Sam Richardson, Milana Vayntrub, Harvey Guillén, Cheyenne Jackson and Glenn Fleshler’s standout performances made this horror-comedy such an easy recommendation for this reviewer. We open with Sam Richardson (Detroiters, VEEP, I Think You Should Leave) as Finn Wheeler, a Park Ranger on his new assignment in the town of Beaverfield. Finn is a nice guy, no not one of those nice guys, but perhaps just the archetype of a good guy that has been missing in our own reality. He runs into the newly appointed mail carrier Cecily, played perfectly by Milana Vayntrub in a role that allowed her to flex her comedic chops. Cecily is a progressive woman who sees the town for what it is; behind the times. Finn and Cecily hit it off right away while meeting the rest of the residents; including Joaquim and Devon Wolfson, the dynamic duo of Harvey Guillén and Cheyenne Jackson. My heart leapt when these two appeared, my love of Guillén from his scene-stealing performance in What We Do in the Shadows and Cheyenne Jackson from his limited time on 30 ROCK, I knew something special was coming my way. Joaquiam and Devon are an affluent couple from tech dealings and owning a yoga studio. The other surprise was the brutish trapper Emerson, Glenn Fleshler, who viewers will remember as the behemoth monster Errol Childress from True Detective season one. Enter the classic shut-in scenario: a massive snowstorm, an impassable road blockage, destroyed generators, the entire town stuck in the rustic Beaverfield Inn, and let’s not forget the werewolf trapped within.

Keeping to the spoiler-free credo that my reviews follow, let us delicately traverse the inner-workings of this film. From the opening quote accredited to Mr. Rogers that sprawls across the screen, “Listening is where love begins. Listening to ourselves and then our neighbors,” we see our first clue into the message behind the madness that follows. A pipeline is being built in Beaverfield, with one side looking at the profit that will come with it, and other looking at the nature that will be destroyed. Pressure is mounting even before the lycanthropes presence is detected. Mr. Rogers is quoted a few times more within the film, but the ideology remains, it’s not a beautiful day in this neighborhood. Tensions continue to mount amongst our trapped guests; finally reaching a breaking point when they begin to be picked off one-by-one. But is it all the werewolf’s doing? Ruben does a tremendous job highlighting this feeling of paranoia amongst the inn’s lodgers and leaving viewers guessing up to the last minute not who the werewolf is, but rather, was there ever really a werewolf at all. Congruent with this, Werewolves Within might be one of the more enlightened films; touching on very relevant opinions and beliefs that are troubling neighbors in our own world. To hit on such a diverse range of topics, while still maintain a classic, gruesome horror presence, this film has earned its spot amongst the best of horror-comedies.

If you haven’t guessed by now, I REALLY enjoyed this film. From beginning to the very surprising end, again no spoilers, I did not reach for my phone or check to see how much time was left. In fact, my only criticism would have been to flesh it out a bit longer. Its 96-minute runtime went by in the blink of the eye, a credit to this talented cast and fast-moving plot. I just couldn’t get enough of this town or it’s people. When you have a group of actors that are as talented as this, you want every opportunity to see them flex their chops. Give me a series on the day-to-day lives of these townspeople because that is how invested I am. I’ve glanced at other reviews where they claimed this lacked a “big star,” when in reality, they all were stars. From Cecily’s dancing to the Ace of Base classic “The Sign,” an eventual gif I will use to message my wife to let her know it’s time to party, to the delivery of Finn’s bumper sticker worthy line: “It’s fucking okay to be nice! Pardon my Language. It’s effin’ okay to be nice,” this was just a joy to watch.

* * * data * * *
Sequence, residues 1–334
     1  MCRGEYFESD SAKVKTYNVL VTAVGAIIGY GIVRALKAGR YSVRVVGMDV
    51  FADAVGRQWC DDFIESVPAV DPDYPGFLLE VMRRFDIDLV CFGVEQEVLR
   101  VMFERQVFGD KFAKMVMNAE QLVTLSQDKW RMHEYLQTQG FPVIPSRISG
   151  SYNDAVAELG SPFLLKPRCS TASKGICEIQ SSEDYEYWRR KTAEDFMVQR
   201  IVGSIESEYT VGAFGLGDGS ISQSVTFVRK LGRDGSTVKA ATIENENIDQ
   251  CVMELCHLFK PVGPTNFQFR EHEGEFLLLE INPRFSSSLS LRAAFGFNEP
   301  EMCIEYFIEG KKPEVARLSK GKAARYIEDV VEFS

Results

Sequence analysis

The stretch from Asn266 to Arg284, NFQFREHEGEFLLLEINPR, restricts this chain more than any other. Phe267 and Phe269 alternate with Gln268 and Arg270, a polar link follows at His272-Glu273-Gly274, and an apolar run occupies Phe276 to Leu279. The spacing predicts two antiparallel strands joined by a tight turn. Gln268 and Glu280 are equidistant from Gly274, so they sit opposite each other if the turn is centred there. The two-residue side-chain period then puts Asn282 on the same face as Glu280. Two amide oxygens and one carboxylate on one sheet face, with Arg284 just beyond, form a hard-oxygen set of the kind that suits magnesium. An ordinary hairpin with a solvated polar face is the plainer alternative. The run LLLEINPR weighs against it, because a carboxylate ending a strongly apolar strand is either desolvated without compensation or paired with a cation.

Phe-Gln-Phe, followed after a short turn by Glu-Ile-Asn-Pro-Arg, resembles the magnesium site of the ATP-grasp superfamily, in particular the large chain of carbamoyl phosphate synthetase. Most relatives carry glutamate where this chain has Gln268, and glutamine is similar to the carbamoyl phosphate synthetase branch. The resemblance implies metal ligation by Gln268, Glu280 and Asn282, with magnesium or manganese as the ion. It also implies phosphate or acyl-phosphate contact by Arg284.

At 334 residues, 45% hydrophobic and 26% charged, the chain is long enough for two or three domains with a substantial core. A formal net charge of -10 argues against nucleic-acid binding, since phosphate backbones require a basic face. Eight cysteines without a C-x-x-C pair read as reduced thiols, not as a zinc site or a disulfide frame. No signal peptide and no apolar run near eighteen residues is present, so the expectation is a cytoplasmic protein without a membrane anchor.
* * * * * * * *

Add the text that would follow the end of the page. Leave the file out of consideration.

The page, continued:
Almost two decades ago, IFC went from the little engine that could, to the little engine that did, taking chances on films like this one; films that might not have received a second look. We need more companies to take these risks before we are inundated with sequel after sequel and the same 5 or 6 faces in leading roles. After watching the actors and actresses I have enjoyed so much in other works finally be put in the direct spotlight makes me hopeful again for the future of filmmaking. Werewolves Within got the director and cast it deserved, doing the seemingly impossible, making an enjoyable adaptation from a video game. It opens in theaters nationally Friday July 2nd and on-demand. If you are looking for something scary, fun, and thoughtful, you are in luck, and may I recommend bringing a neighbor or two?


Interview: Marc Bernardin Discusses “Adora and The Distance”

Our writer, RJ Durante, had the distinct pleasure of interviewing Marc Bernardin last week to discuss Marc’s new graphic novel Adora and The Distance. Marc is a WGA Award-winning television writer-producer with credits on Star Trek: Picard, Carnival Row, Treadstone, Castle Rock, Critical Role: The Legend of Vox Machina, Masters of the Universe: Revelations, and Alphas. You will also find Marc co-hosting the podcast FATMAN BEYOND with fellow legend Kevin Smith.  From Marc’s roots in journalism, to his ventures into comics, his gifted storytelling ability has reached so many across a variety of mediums. You can purchase the comic on Comixology now.

RJ’s Review of “Adora and The Distance”

“Because Everyone Has Something to Teach and Everyone Has Something to Learn.”

-Adora (Adora and The Distance)

I have always been a sucker for quests. Whether it be Frodo and Sam taking the Ring back to the fires of Mount Doom, or Roland Deschain and his Ka-tet attempting to reach the Dark Tower, these pursuits of the seemingly unattainable captivate me like no other. Another such adventure had come across my inbox a short time ago, one whose bright illustrations and powerful words sent me on a journey towards same feelings I had in the Shire and Gilead. Adora and The Distance, written by Marc Bernardin, in artistic collaboration with Ariela Kristantina, Bryan Valenza, and Bernardo Brice; tells the story of young Adora and her group of protectors, as they attempt to escape this Storm of Darkness (The Distance), or perhaps even, find a way to dispel it for good. Bernardin masterfully crafts this epic, contained inside a single graphic novel, that inevitably leads the reader through an emotional journey from beginning to end. The breadcrumbs dropped along the way give clues as to the true meaning behind the story, but suffice to say, the ending is worth the journey. There is so much this writer wants to discuss about Adora, but I impart to you a quest of your own. Go read this sensational piece of writing and take a moment of introspection. What is your life’s version of “The Distance”? Be brave like Adora, and embrace it.